Political law summarizes the fear, narrative, politics, and policy of the winner

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Today I was listening to Scott Galloway, a professor at University of California-Berkeley, make an argument for breaking up the “Big Four”: Amazon, Apple, Facebook, and Google.  His premise was that given their public mantra of trying to make the world a better and more connected place, in the end, their only reason for being was “to sell Nissans.”  The FANGS, when all is said and done, are not vehicles for altruism, but instruments of capitalism.  They are media companies that either use free content (Facebook) or create or pay for content (Amazon) to grab eyeballs for advertisers.

I can say the same thing about the United States.  Between now and November 11th, during the political party conventions, campaign rallies, and debates, America’s candidates for elected office will attempt to sell Americans on how much better they are at creating jobs, keeping Americans safe from criminals, being transparent about governance, and carrying themselves in a decent, trustworthy manner.  And pursuant to the rule of law, all citizens, entities, and institutions are accountable to laws that are publicly promulgated; equally enforced; independently adjudicated; and consistent with international human rights principles.

Like Professor Galloway, I have cut through the “Madison Avenue” selling points of the United States.  I believe that an accurate general theory of law relies on a cogent and clear history of the United States.  The United States is a result of an opportunity taken by its wealthy elite to create its own country while the mother country, Great Britain, was distracted by competition with its European neighbors.  The original thirteen colonies were a trading post for Great Britain, surrounded by other trading posts established by France and Spain.

To exploit resources and benefit from trade, opportunistic Anglos created the United States.  As part of the narrative that promoted independence, America’s founders created fear in the colonists by describing a tyrannical monarch that interfered with the passing of legislation in the colonies; repeatedly dissolved colonial houses of assembly ; impeded the naturalization of immigrants, and imposed taxes on colonists where colonists were not represented in Parliament.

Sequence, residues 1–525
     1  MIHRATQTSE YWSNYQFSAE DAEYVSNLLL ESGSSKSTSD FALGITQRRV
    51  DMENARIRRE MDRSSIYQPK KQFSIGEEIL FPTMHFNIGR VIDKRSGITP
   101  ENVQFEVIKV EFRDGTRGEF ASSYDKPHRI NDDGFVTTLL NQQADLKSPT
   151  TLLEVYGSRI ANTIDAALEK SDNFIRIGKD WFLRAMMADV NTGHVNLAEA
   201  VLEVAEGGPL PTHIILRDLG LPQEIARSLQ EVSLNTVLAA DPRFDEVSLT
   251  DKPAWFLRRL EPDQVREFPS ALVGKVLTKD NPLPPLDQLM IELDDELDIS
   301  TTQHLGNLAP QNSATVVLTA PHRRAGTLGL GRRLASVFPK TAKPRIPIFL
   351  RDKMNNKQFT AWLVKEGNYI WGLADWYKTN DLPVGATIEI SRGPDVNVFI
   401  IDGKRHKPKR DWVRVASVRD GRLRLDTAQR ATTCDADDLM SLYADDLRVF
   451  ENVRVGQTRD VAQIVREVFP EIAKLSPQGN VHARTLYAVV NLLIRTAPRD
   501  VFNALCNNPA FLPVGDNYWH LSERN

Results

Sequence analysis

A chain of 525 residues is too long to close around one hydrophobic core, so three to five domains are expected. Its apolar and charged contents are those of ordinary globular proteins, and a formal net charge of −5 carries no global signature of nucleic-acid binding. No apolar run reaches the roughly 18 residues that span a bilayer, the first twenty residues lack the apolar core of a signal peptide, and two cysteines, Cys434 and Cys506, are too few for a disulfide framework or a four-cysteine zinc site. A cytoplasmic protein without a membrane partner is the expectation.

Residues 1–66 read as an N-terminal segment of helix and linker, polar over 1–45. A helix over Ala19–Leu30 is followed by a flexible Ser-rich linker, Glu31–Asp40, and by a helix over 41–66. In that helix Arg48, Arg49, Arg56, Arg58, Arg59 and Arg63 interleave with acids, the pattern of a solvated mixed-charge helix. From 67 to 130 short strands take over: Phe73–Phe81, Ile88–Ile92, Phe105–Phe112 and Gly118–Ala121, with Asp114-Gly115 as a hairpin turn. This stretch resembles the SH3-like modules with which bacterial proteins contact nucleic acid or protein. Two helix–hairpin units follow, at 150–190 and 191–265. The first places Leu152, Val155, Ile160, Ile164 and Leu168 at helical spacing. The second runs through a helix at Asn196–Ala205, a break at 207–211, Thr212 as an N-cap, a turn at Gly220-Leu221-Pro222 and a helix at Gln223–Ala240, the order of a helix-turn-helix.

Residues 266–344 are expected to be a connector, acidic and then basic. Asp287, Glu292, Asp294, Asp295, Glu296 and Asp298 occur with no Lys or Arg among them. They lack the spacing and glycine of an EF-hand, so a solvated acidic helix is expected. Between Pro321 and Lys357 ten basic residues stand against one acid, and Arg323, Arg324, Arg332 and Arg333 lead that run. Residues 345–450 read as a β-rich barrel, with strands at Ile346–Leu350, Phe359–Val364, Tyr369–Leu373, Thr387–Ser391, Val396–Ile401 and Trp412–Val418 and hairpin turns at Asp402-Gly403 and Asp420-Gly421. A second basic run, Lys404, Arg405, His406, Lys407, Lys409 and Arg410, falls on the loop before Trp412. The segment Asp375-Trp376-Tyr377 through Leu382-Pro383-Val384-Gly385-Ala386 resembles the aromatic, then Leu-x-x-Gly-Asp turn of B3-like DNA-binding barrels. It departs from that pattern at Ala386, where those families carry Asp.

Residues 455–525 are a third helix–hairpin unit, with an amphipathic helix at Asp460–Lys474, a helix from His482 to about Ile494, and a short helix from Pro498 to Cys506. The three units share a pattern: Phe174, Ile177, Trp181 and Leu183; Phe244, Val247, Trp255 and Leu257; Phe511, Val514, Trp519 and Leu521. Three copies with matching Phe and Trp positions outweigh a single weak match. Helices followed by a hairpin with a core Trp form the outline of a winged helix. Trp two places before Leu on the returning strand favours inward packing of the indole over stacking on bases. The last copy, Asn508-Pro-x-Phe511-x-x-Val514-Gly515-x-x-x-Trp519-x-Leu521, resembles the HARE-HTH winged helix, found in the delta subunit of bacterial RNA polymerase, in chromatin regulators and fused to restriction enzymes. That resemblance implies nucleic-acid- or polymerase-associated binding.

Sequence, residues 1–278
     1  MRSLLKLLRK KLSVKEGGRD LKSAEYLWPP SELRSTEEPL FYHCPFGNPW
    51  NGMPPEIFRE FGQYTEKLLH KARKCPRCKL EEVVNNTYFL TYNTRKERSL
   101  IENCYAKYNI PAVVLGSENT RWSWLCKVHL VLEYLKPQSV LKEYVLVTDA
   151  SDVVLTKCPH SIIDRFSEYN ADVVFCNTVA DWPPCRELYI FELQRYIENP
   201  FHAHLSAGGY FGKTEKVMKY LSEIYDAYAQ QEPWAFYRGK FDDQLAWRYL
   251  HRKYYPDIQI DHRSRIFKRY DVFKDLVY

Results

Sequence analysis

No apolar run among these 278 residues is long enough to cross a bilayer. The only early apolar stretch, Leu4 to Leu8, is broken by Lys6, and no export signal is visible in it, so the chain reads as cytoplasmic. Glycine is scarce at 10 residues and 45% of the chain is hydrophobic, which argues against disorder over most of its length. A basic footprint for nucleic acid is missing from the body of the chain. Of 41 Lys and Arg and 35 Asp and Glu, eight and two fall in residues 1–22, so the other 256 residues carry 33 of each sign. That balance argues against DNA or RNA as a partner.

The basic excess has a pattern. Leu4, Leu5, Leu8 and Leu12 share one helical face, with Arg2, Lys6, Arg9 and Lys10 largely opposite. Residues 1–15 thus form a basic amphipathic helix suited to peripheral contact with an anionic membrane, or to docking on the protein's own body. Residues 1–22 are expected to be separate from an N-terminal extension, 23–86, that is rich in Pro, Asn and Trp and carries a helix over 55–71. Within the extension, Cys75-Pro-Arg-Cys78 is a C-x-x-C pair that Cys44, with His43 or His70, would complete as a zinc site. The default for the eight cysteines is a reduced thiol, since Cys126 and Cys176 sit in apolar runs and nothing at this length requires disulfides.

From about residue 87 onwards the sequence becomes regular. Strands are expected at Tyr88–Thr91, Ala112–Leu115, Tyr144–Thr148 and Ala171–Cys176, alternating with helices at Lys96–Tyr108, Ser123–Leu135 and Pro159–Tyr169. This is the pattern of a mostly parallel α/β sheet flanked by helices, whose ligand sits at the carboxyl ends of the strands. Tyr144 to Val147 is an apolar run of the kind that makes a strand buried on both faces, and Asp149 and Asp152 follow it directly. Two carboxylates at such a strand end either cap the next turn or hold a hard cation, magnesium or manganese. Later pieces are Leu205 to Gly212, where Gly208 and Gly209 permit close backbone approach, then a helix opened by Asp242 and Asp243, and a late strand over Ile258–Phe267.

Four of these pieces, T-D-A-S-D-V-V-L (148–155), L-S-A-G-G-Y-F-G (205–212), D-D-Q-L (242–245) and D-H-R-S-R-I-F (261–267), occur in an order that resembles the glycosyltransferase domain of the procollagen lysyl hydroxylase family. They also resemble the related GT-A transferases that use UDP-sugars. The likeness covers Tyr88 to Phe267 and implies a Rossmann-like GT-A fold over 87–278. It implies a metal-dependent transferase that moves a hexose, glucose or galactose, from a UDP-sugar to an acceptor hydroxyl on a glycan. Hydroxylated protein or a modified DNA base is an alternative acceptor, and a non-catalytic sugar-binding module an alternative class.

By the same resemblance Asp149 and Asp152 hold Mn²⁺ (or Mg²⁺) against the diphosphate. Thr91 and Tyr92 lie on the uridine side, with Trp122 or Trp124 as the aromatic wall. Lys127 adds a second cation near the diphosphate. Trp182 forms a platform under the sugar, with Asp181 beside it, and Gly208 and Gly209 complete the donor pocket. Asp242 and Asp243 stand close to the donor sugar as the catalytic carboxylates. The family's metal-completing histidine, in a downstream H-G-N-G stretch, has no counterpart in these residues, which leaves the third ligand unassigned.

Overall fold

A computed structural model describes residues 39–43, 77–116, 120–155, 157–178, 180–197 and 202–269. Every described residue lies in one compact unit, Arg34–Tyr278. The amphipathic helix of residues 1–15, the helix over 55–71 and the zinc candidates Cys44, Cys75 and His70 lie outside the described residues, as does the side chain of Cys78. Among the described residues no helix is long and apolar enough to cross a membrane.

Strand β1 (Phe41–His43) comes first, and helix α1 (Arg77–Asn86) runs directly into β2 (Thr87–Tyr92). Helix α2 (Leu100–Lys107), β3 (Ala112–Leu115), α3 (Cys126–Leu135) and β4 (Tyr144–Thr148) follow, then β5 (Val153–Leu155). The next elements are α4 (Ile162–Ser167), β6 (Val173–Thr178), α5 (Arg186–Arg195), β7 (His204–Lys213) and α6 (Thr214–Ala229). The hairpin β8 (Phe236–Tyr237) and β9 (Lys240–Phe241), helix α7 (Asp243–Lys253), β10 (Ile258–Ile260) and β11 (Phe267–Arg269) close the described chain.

After selling the fear narrative and winning a military battle, it was off to the politics of creating a government that would not unreasonably infringe on the commercial and human rights of its citizens in exchange for said government’s right to manage the exploitation of resources; to tax its citizens, and to secure the infrastructure necessary for the movement of commerce.

As a political and legal document, the current Constitution captures this history, but I think what is lost on the courts is the obligation they have under precedent to interpret political law under this narrative; the narrative of the winner.  Interpretation of political law should be based on the winner’s world view of the political-economic environment.

What is that environment?  That first, the United States is a customs union with a government responsible for protecting infrastructure and via economic policy, the management of natural and human resources.  Second, it is a trading nation. It was birthed out of the vision of traders, merchants, and explorers coming to North America to first and foremost provide returns to the capital spent on exploring America in the first place.  Third, any and all law is a passed with the primary intent of regulating behavior in order to maintain an environment for increasing returns to capital.  Rights are the collateral damage the investor has to endure to see her returns.  America’s projection of altruism, morals, etc., are just part of a marketing campaign that sells America as the place where you come, work, and are taxed.  The optics, while necessary are secondary.

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